On Benzoating Ointments Extemporaneously.
By CHARLES F. BOLTON.
An Inaugural Essay.
The subject of benzoin in ointments has for some time past attracted the attention of the profession, and there is nothing in the whole range of Pharmacy that gives more satisfaction than a perfect ointment, not only to the druggist who dispenses it, but also to the physician who prescribes, and the patient who uses it. There is nothing that reflects more credit on the Pharmacist than an elegant and well dispensed ointment. To accomplish this requires not only experienced manipulation, but something more; it needs that the unctuous matter should be fresh and free from the least trace of rancidity; it should not only be this way when dispensed, but if possible should be made in such a manner that it would remain in a perfectly sweet condition for a considerable length of time, thus affording the patient an opportunity of using the whole of the ointment in a sweet state. This can be effected in many instances by using the officinal unguentum benzoini as the base of the ointment, but often the physician directs the ointment to be prepared and benzoated extemporaneously. To benzoate the ointment by the officinal process involves time, but by the plan that I suggest it can be accomplished in a very short time without the aid of heat, thus saving a great deal of time and trouble. In many instances time is quite an important object. The formula that I have decided upon, after making several experiments, is as follows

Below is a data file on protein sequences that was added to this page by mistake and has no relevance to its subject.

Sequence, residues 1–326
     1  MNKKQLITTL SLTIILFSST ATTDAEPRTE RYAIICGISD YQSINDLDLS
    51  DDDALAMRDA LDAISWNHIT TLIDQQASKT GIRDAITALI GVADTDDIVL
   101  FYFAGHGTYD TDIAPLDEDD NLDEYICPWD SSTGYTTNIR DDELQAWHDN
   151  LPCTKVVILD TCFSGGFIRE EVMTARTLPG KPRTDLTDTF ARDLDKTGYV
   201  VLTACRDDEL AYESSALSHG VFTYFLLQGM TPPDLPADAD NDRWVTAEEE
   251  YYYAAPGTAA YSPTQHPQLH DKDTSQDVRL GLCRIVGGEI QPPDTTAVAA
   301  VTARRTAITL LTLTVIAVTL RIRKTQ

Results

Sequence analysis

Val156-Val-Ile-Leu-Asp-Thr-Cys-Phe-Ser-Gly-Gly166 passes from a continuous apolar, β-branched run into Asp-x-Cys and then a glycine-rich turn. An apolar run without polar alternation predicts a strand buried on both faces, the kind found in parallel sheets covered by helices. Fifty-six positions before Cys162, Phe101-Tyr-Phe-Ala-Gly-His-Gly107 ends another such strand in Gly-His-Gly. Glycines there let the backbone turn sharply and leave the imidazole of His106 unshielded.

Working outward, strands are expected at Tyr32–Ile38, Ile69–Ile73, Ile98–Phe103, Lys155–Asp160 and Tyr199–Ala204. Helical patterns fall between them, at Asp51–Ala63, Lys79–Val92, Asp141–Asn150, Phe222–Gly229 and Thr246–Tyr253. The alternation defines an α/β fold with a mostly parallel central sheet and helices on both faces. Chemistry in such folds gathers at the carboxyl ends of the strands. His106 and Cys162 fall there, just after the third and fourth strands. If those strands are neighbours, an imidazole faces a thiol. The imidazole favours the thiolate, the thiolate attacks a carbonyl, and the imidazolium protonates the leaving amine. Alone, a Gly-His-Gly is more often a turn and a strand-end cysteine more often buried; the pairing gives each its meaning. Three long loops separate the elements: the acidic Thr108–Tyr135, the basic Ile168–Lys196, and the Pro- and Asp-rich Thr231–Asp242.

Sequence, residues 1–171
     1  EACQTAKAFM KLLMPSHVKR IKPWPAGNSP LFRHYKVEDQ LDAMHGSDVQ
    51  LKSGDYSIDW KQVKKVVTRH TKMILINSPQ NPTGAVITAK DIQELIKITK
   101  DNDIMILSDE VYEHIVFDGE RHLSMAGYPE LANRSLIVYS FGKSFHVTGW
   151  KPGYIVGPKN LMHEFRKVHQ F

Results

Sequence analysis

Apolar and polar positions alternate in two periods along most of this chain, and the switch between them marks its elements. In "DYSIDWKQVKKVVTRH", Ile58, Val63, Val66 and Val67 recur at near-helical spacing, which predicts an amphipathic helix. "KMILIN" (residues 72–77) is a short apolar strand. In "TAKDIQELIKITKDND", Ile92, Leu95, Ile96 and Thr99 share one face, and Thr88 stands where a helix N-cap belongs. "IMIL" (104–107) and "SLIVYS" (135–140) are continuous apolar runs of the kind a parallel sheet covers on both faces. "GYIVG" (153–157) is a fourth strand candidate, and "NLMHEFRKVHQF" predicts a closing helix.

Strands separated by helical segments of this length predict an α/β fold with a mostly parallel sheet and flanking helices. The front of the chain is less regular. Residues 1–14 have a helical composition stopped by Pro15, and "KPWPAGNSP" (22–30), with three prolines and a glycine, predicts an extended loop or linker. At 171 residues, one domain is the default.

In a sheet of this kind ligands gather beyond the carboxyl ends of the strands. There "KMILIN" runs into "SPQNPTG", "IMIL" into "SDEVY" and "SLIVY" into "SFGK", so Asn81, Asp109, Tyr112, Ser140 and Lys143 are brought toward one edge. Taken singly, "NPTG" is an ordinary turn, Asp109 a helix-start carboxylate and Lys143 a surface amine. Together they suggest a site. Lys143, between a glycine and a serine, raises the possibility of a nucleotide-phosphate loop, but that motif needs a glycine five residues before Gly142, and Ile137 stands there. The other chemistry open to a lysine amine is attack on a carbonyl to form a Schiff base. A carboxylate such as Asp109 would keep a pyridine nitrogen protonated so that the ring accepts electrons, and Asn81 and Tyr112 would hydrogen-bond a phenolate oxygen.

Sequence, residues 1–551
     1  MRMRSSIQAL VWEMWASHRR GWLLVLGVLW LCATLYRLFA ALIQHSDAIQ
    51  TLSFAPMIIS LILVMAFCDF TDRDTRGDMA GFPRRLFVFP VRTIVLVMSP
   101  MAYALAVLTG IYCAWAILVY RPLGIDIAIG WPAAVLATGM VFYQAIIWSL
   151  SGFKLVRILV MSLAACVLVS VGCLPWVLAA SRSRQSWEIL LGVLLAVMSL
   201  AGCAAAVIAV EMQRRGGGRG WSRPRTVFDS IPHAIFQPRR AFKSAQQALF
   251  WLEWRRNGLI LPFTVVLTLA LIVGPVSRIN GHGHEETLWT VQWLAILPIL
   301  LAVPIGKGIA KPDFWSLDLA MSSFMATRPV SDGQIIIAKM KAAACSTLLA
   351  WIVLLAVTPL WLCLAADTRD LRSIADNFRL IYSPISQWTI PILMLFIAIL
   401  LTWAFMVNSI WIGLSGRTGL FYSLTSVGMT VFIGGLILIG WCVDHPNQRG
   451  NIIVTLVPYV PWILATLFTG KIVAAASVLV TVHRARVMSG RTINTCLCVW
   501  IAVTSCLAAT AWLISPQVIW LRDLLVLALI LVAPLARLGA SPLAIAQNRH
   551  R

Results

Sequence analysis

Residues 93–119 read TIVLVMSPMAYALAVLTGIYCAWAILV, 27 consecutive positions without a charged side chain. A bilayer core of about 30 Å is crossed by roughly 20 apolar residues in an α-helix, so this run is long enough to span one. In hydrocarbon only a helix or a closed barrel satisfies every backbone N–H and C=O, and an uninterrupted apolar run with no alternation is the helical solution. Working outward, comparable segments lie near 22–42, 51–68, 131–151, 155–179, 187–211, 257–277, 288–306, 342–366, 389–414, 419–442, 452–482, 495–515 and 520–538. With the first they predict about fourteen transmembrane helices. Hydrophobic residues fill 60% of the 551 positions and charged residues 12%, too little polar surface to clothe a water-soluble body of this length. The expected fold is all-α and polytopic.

|Rx||Benzoin pulv. (select.)||℥ij.|
Introduce the benzoin into an eight ounce bottle, add the ether, macerate for twenty-four hours with frequent agitation, pass through a filter, to the filtrate add ol. ricini, and shake until dissolved; then transfer to a shallow vessel in order to allow the ether to evaporate spontaneously; lastly, when the ether has entirely disappeared, place in a wide-mouthed bottle ready for use. With a view to economy I experimented with alcohol and benzine as solvents; the former of the specific gravity .817 gave moderate satisfaction, the result being of a much darker color, owing to the foreign matter in the benzoin being more soluble in alcohol than in ether; this I considered a serious objection, as it discolored the ointment considerably, while that made with the ether did not, at least not more than if it were benzoated by the officinal process. The benzine experiment, however, was a complete failure, it extracting from the benzoin only a very small amount of benzoic acid, leaving entirely undissolved the resin, cinnamic acid, and volatile oil. The result from the formula that I have given is of the consistency of a soft extract, one ounce of the extract fully representing an ounce of the benzoin in a state that is perfectly miscible with unctuous substances. I benzoated several ointments with this extract in the early part of last April, and allowed them the greater portion of the time to be exposed to the atmosphere, and when I examined them in the fall I could find none of them oxidized in the least, and in the case of ung. hydr. oxidi rubri the bright orange color was perfectly preserved. I also used it in several prescriptions and it always gave perfect satisfaction. I used it in the proportion of half dram to the ounce of ointment; it call also be used very advantageously in preparations for the hair, it being very soluble in alcohol and perfectly miscible with Ol. ricini in combination with alcohol, but insoluble in the fixed and volatile oils in a free state. It is also freely soluble in chloroform.
The American Journal of Pharmacy, Vol. XLIII, 1871, was edited by William Procter, Jr. (Issues 1-4) and John M. Maisch (Issues 5-12).